Re-examining Life.
(How this year has prompted us to take another look at what we thought we knew.)
December 23, 2020
We live in the United States of America, nothing bad can happen here. You have to go to
college to get a good job. Put your money in a savings account so that it can grow. Get a job
with good health benefits. Save, save, save, and retire when you’re 65. And on and on it goes,
the list of expressions many of us grew up hearing from parents, grandparents, teachers,
counselors, friends. If the events of 2020 haven’t clarified for us the condescending
inaccuracies of each and every one of the aforementioned statements, then we have a much
bigger problem to address.

Has it all been a lie? Truly systemic in nature from top to bottom, contributed to by countless
complicit parties, our governments, our schools, our loved ones. Lies that began at the top,
rewarded with vast wealth and power, and were then perpetuated throughout the years by
either blissful ignorance or malicious intent. As we watch it all slowly crumble, alongside the
bickering and infantile individuals who purport to “lead” and govern, it beckons exactly this

Post-World War II era Europe saw the advent of existentialism in the modern age. The
magnitude of the sheer horrors and atrocities witnessed and experienced by soldiers and
citizens alike gave rise to the belief that no one is safe, nothing is looking after us, and in the
end, we rely only on ourselves. The parallels, not between the chain of external events leading
to the manifestation of thought, but rather, the ultimate shift in our reality and daily life as we
once knew it, cannot be ignored. The politicized nature of every news-worthy event over the
past 11 months should serve as a clear indicator that we all need to do what is in our own best
interest, albeit individually or collectively. As those in need have, in many instances, patiently
waited for help to arrive, it simply is not coming. Warring government factions, consolidation
and accumulation of power and wealth, bankrupt and broken states and social programs, these
things we do know. These things we have seen and will continue to see, until we don’t, and by
then it may be too late.

The government and the banks have gotten rich by backing and servicing student loans, and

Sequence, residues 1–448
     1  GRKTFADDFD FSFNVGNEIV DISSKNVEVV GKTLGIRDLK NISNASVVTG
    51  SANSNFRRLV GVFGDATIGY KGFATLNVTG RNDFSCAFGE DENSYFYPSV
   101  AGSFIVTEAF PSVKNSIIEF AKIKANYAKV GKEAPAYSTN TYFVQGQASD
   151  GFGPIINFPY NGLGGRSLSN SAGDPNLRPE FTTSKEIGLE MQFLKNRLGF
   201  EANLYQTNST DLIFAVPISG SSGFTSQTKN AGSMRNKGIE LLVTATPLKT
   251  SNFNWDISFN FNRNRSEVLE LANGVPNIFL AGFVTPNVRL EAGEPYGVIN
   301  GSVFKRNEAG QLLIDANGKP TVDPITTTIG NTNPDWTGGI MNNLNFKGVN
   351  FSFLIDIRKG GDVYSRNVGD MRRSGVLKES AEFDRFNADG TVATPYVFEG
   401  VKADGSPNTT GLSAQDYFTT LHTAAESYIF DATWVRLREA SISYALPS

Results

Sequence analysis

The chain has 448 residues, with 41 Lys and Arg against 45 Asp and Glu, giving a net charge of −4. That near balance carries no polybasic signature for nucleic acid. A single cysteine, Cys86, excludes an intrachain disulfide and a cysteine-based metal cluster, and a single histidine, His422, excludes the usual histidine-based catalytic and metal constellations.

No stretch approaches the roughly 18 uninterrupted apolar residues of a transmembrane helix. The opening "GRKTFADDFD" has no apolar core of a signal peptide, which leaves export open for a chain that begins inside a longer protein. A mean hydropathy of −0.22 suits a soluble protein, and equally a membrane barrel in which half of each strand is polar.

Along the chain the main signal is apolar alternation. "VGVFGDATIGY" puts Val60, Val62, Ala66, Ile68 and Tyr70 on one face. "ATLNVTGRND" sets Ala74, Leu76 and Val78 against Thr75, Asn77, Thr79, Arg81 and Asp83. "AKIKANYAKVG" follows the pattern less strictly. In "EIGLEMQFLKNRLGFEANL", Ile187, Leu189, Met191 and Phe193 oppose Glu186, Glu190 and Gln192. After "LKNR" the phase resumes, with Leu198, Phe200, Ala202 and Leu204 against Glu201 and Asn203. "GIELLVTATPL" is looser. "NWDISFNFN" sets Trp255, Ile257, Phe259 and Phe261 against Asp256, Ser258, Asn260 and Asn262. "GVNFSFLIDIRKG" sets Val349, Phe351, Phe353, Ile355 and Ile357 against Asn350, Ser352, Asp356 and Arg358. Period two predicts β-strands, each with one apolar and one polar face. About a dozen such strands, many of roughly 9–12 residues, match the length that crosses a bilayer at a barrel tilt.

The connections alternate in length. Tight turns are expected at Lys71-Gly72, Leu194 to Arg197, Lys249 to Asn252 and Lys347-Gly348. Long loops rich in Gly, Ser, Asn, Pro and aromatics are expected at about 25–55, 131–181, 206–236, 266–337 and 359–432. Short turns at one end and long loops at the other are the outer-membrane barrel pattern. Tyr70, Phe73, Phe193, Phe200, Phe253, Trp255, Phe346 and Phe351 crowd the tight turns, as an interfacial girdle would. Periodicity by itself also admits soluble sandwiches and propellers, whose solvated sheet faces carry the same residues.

charging or allowing to be charged exorbitant interest rates and poorly structured payment
plans to those seeking higher education. The universities and colleges jacked up their tuition
fees and loosened enrollment requirements. All in an effort to afford many of these students
the opportunity to learn what they should have been taught in high school, before the public
schools failed to teach the fundamentals of life, finance and adulthood. Is it finally reasonable
to assume that we have no need for thousands of overpriced colleges and universities, so that
students can log-in to a Zoom call and “learn” virtually? Can we assume that many young
people might be able to find their own path to success, without being bogged down by debt
before they even begin a career? And how do we even define success, in an age where social
programs, hand-outs and equality of outcome (rather than equality of opportunity) play such an
integral role in where society is headed?

There is always opportunity in crises, and if we have learned anything from those in political
power, it should be exactly this. Those of us who have been involved in the Bitcoin and digital
asset investment space for some time have always known the endgame; this past year has
simply expedited our journey and exposed the impressive flaws in our current systems and
policies, to an extent we could not have imagined. We are in the earliest stages of the
digitization of monetary policy, and of the many changes we have experienced in 2020, this may
be the most profound. The coming changes will affect how we conduct private and public
transactions, how we store and build our wealth, how we are assessed and pay our taxes, and
perhaps most significantly, how we handle and interact with our currency on a daily basis (hint:
it won’t be in a leather wallet). And at the forefront of it all, we now have an asset with global
brand recognition, pristine in its ability to serve a variety of use cases, and undervalued to an
extent that has perhaps never been seen in history. With all of the uncertainties surrounding us
in our daily lives, we’ll choose to ensure that we are on the right side of history as Bitcoin finds
its footing, continues to outperform every other asset class in existence, and welcomes the
tsunami of money presently on its way into the space.